A 1985 Takeuchi TB12 still operating in Pontefract in the North of England. Yorkshire based company Lee Estates got an early Takeuchi TB12 bought in 1985, and this same machine is still in the company yard and remains in regular use for nearby dyke cleaning.
The company remembers that Jimmy Queghan got the ball rolling with Takeuchi machines. Although Queghan’s were a contractor they saw the benefits of the machines and expanded into selling equipment. Lee Estates a Yorkshire based building contractor became an early Takeuchi customer.
They remembered the Queghan salesman Eric Stones, who did a really good deal for £8000 (£21,500 in today’s money) for the first TB12 in the UK. Takeuchi were up against competitors Kubota and Yanmar machines, but the Takeuchi had something special.
The TB12’s first contract was for Yorkshire Water Authority in Hipperholme near Halifax. Other memorable jobs for the TB12 across Leeds City Centre included demolition of the old shopping centre where the new Schofield Centre now sits and the demolition of the old West Yorkshire Combined Authority building on Wellington Street. All the way through the 90s this original machine continued to put in the hours on house extensions, drainage and under-pinning, with a dedicated driver Dave Tingey this machine worked all over the North.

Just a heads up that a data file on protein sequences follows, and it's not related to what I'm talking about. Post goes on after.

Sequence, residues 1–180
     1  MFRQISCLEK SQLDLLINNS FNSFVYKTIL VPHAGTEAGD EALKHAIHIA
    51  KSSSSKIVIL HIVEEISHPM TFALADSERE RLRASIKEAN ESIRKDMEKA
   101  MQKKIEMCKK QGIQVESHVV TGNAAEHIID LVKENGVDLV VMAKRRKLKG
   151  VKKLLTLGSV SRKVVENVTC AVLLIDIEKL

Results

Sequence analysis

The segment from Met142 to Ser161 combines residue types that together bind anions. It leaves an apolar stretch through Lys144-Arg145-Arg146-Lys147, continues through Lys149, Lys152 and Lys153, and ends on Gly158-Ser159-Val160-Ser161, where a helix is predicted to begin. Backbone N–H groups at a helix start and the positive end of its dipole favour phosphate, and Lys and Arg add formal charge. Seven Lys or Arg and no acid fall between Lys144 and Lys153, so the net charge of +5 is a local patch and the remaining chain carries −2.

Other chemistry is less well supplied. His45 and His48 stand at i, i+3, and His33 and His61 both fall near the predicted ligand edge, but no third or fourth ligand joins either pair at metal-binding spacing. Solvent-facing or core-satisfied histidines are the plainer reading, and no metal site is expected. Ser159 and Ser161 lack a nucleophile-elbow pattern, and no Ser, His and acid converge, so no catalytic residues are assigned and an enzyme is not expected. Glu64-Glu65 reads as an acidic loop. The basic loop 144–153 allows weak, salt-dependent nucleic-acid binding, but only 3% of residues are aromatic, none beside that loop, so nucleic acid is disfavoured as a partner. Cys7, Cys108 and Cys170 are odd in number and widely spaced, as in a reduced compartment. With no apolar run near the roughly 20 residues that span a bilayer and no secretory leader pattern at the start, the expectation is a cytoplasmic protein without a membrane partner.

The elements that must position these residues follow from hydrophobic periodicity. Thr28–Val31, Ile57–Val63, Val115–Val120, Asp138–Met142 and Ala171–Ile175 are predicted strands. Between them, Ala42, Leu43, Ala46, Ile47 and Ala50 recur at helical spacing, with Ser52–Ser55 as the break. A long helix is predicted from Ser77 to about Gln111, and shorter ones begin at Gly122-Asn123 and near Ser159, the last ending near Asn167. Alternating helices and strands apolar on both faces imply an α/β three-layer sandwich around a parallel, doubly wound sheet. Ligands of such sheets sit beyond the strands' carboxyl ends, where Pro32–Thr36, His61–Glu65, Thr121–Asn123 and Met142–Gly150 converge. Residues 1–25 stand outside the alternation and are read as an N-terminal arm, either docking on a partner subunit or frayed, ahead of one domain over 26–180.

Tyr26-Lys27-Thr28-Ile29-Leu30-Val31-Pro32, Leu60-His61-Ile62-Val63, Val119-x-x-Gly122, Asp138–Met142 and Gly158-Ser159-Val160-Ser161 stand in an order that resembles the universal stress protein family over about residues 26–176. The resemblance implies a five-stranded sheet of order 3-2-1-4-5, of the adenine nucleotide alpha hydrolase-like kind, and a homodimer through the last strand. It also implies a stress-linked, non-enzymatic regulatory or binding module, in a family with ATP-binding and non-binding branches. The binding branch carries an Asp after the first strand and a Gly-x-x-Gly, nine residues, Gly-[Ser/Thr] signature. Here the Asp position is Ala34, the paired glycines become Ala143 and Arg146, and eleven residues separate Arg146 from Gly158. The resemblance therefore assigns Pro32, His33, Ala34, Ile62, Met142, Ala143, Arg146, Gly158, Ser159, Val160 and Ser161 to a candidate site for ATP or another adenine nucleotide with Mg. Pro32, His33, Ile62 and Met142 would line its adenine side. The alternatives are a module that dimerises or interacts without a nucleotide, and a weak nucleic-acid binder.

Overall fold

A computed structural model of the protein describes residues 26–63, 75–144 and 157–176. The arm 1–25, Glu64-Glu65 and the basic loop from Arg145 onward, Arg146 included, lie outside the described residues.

The compact size got the TB12 to work in places other larger machines couldn’t get. Driver Dave soon got used to it, more familiar with a typical JCB 3C Backhoe, the new TB12 was quite different, but the digging power and work-rate was so impressive. You could get 100 metres of new water main at 30inch deep along grass verges done in a day with 10inch bucket. Its small size got into tight spots like ginnel areas around housing estates.
It was fully cabbed and came with a blade as standard with good pushing power. No heater but it came with a radio permanently tuned to radio 2. It even had a sunroof and sun-visa to make the most of Yorkshire sunshine.
The direct levers made all the difference when operating as did the foot pedal operation of the auxiliaries which was unusual at that time. Operators soon worked out that the foot pedal with a toe under gave you dual flow – perfect for many more attachments like log splitters and they quickly got other useful attachments from breakers, buckets from 8 inch right up to 1 metre dyking buckets.
In over 36 years this TB12 has had only 4 sets of rubber tracks whilst working on some of the toughest demolition sites and under pinning. The good practice of one machine one driver meant the lads really looked after their machines.
Early investors like Lee Estates were pioneers at the time, who saw how the arrival of mini excavators changed all sorts of building jobs for the better. These early Takeuchi customers took the risk and certainly paved the way for the high volumes of mini excavator sales we see today and helped make a mini excavator a must-have machine for any builder